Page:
My name is Evie Duncan and I hang out with dead rock stars, and occasionally a dead movie star or two might suddenly waltz across the living room. I know, weird, huh? Trust me. I think so too. One night I actually watched Fred Astaire lift Ginger Rogers off her feet right in the middle of the kitchen, and I went to grab my coffee cup, because I was sure Ginger was going to knock it off the center aisle. Ah but as luck would have it, her pretty little shoe went right through the cup. I’ve discovered that ghosts can walk right through you or any object for that matter—just like in the movies. That part is true from what we all “think” we know about ghosts, but I’ve learned quite a bit more about them over the past few months.
I know it sounds completely insane. Right? Like commit me insane. But honestly, I am not crazy. Okay, maybe a little bit, and believe me, the first time I saw Bob Marley in my place (technically not my place, not even close to being my place, but I’ll get to that) in Hollywood Hills getting high and singing “Buffalo Soldier,” I thought I was either dreaming, hallucinating off bad food from Denny’s, or—yes, that I’d gone completely mad. None of that was the case. Bob was and is a very real dead guy who likes to hang in my place, along with a handful of other deceased famous rockers, as well as some who never quite hit the charts. It is one of those guys who almost made it to the top but didn’t that I happen to have—sort of—fallen for. So, not only do I hang out with dead rock stars, but I also think that I am in love with one of them or at least I have a severe case of lust, which makes me totally screwed up. But I still stand by the fact that I am not crazy.
Before I go any farther with how this me being able to see the famous deceased phenomenon started, I need to go back a few months to the day after my twenty-eighth birthday. Raised in Brady, Texas: population about 8,000 people. The signs were everywhere. Signs that is—to get the hell out of dodge.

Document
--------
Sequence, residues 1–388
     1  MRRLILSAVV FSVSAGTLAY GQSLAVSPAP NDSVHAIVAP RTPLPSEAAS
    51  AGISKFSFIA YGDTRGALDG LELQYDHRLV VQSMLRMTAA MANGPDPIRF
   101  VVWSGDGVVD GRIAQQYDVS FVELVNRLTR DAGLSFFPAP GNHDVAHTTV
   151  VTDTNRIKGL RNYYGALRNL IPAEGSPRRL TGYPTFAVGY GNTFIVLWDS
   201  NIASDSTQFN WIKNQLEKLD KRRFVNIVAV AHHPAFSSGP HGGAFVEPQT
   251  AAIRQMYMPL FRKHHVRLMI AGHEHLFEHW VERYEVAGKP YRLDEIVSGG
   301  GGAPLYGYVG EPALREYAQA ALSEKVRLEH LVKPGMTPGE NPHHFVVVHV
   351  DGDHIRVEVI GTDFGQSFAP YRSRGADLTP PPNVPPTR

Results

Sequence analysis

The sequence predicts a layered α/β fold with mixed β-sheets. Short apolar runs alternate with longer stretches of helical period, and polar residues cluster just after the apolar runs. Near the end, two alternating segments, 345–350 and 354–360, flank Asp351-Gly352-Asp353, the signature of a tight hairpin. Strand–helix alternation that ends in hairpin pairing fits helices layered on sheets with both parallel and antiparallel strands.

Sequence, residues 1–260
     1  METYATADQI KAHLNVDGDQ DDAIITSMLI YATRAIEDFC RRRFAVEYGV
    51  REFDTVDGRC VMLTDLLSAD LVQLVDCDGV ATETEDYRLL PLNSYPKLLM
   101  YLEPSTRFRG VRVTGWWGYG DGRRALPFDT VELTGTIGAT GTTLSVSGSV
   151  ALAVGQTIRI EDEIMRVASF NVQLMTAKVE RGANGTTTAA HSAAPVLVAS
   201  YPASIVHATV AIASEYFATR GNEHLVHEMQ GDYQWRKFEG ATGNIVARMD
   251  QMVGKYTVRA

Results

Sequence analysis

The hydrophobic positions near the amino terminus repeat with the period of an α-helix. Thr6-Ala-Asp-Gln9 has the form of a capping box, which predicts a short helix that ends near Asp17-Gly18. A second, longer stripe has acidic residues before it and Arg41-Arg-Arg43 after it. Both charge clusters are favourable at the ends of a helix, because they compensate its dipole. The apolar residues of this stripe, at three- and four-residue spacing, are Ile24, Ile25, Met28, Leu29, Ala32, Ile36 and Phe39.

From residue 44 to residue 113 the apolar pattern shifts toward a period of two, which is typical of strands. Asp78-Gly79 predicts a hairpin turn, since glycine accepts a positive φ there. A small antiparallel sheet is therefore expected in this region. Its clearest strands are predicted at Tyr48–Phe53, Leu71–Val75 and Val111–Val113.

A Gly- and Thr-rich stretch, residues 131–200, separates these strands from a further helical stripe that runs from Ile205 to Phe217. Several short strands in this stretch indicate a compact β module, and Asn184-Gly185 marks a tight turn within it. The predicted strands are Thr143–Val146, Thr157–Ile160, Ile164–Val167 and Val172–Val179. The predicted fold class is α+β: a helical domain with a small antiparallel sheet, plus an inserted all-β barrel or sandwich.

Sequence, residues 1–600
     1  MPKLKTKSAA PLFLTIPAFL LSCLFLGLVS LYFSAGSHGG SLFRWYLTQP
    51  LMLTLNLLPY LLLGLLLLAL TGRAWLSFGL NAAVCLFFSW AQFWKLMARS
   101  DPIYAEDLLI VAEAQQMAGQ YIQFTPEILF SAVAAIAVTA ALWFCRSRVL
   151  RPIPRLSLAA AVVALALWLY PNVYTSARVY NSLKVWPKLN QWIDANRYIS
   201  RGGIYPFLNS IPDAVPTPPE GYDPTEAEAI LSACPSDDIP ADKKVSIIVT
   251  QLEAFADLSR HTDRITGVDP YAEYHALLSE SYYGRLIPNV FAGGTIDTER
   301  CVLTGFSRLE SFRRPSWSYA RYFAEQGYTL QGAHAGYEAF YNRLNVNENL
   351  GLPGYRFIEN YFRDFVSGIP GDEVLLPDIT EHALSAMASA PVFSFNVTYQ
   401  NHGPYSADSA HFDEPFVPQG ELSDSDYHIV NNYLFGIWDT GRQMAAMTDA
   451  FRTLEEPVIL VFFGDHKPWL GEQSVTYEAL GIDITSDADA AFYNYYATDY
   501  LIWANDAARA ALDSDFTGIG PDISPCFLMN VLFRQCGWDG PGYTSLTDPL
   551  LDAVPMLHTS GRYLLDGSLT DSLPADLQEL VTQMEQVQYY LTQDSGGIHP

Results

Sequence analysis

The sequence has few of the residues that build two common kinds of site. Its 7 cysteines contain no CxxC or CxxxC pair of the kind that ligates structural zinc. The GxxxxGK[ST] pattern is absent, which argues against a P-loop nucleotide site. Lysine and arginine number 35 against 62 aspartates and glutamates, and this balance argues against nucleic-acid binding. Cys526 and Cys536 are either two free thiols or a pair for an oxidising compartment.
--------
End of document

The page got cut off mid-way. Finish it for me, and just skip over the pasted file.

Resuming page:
I was at Mrs. Betty LaRue’s quaint craftsman, which smelled of fresh laundry, home cooking and mothballs. She was comforting me over the dismal turnout of the Mary Kay presentation that she’d hosted for me—my latest attempt at becoming an entrepreneur.
We were drinking apple cranberry tea, her lhasa apso Princess curled in a ball under her chair and my dog (of indeterminable breed. Am thinking she is part coyote, part lab, possibly some border collie in there) Mama Cass lay over my feet. I loved that Betty always let me bring Mama Cass in the house. Cass went everywhere with me, but not everyone happens to be as gracious as Betty.
“I really thought this would go so much better,” I said, bringing the warm brew to my lips.
Betty smiled, the fine lines in her eighty-something-year-old face creasing deeper into her skin, “Oh honey, I don’t know what happened to my girls today. I am so sorry. I thought there’d be at least ten of us. They all love my snickerdoodle cookies. I don’t understand. But you know how some of us old gals get; we forget things.” She twirled a wisp of curliqued hair on the side of her face around her finger. The rest of her hair was pulled up into a yellowish white bun (or chignon as Mama calls it) on top of her head. She’d obviously been in to see my mother that morning for her weekly hair appointment.
I nodded. “It’s okay, Betty. Thanks for hosting it anyway, and the cookies were delicious. Three isn’t such a bad turnout.” Thing was, only Betty bought anything, and her friends Margaret and Hazel only came for the cookies. “And I made about ten dollars, so that will at least buy me a couple of meals. You’ll love that anti-wrinkle cream.”